Black Sound White Cube
Dieter Lesage and Ina Wudtke
Appeared in the series Büchs'n'Books — Art and Knowledge Production in Context
Published by Löcker Verlag in cooperation with Künstlerhaus Büchsenhausen
First published in 2010
English, 112 pages
If one looks at the contemporary continental European art scene, blues, jazz, hip hop, drum & bass and dubstep, genres of music that one could label as ‘black sound’, are almost absent. To the contrary, forms of expression and languages of traditionally white musical scenes are unproblematically absorbed. One may think, e.g., of the female artists group Chicks on Speed, which situates itself within the Riot Girlz tradition, or of Daniel Richter’s painterly punk attitudes, or of the ‘Deutsche Welle’ kitsch in the work of Jonathan Meese. Looking at art, which relates to the tradition of the afro-atlantic diaspora, the contemporary continental European art scene seems to remain speechless, lacking an adequate vocabulary and above all a cultural relationship. To understand a beat as a complex form of avant-garde, as in the Harlem Renaissance of the twenties, with the discovery of syncopated swing rhythms, seems to be quite impossible within the context of the ‘white cube’, which today remains the hegemonic type of art space. Even if its walls get another color, even if the ‘white cube’ doesn’t have the form of a cube and is transformed into an ‘alternative space’, chances are high that the ‘white cube’, understood as the art space, the space in which contemporary art is shown, ‘sounds’ white.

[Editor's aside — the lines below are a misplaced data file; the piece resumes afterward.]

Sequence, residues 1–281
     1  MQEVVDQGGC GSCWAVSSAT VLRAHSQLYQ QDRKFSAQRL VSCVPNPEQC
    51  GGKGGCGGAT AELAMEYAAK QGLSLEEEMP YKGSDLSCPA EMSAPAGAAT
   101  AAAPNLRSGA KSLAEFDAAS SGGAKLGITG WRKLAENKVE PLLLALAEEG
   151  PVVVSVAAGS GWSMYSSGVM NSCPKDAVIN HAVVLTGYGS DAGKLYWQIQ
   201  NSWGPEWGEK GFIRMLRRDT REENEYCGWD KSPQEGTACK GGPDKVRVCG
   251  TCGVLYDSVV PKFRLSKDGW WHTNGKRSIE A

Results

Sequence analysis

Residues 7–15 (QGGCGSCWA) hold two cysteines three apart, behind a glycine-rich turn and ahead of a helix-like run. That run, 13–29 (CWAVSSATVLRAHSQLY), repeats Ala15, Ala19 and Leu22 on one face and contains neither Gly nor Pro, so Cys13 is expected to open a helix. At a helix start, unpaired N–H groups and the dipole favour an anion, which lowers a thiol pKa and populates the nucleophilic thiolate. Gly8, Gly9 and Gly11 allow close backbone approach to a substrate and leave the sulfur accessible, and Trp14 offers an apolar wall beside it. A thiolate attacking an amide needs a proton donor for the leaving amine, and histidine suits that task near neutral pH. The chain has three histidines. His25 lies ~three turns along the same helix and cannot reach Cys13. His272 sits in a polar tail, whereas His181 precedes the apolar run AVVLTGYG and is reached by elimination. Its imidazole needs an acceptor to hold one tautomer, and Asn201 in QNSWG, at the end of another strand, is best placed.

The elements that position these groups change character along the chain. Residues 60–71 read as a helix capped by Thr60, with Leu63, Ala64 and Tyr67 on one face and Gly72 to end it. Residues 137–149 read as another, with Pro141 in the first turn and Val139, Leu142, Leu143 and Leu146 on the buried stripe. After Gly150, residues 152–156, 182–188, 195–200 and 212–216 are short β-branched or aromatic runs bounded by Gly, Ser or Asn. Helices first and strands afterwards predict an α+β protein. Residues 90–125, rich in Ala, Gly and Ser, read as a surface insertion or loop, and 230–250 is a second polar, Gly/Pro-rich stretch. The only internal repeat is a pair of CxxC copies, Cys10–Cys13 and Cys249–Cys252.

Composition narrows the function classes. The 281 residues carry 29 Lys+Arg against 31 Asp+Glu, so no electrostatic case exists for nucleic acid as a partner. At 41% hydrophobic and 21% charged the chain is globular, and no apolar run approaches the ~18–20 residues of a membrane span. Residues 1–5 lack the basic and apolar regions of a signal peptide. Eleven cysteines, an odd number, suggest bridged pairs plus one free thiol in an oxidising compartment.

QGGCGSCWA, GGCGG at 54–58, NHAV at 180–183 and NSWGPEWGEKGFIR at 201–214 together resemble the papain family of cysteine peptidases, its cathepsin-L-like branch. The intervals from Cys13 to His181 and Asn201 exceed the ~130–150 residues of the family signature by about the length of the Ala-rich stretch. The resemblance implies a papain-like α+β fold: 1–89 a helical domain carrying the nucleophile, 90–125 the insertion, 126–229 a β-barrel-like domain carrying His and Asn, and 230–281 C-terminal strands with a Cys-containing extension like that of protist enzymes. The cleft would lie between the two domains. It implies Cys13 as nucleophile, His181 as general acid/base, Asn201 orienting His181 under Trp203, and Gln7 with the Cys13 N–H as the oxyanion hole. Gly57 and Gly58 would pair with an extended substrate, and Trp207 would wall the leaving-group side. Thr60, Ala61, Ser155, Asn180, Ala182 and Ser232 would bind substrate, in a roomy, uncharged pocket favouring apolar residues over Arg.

Black Sound White Cube by the Belgian philosopher Dieter Lesage and the German artist and curator Ina Wudtke sheds a new light on global intricacies within contemporary art production and comments on works by international artists, such as Sonia Boyce, Jennie C. Jones, Minouk Lim, Nadine Robinson, Sanford Biggers and Yoel Vazquez, as well as by curators, such as Thelma Golden, Valerie Cassel Oliver, Lydia Yee, Richard J. Powell and Franklin Sirmans, who in their artistic and curatorial work reflect on the afro-atlantic diaspora and explore the relationships between music and the visual arts. Black Sound White Cube also offers a refreshing critical reading of canonical works of art, which in this context are uncritically mentioned over and over again, such as 4’33” by John Cage, and Rock My Religion by Dan Graham. At once courteously and polemically, Ina Wudtke and Dieter Lesage indicate subaltern lines of tradition and provoke a discussion beyond the hegemonic traditions of avantgarde and rock.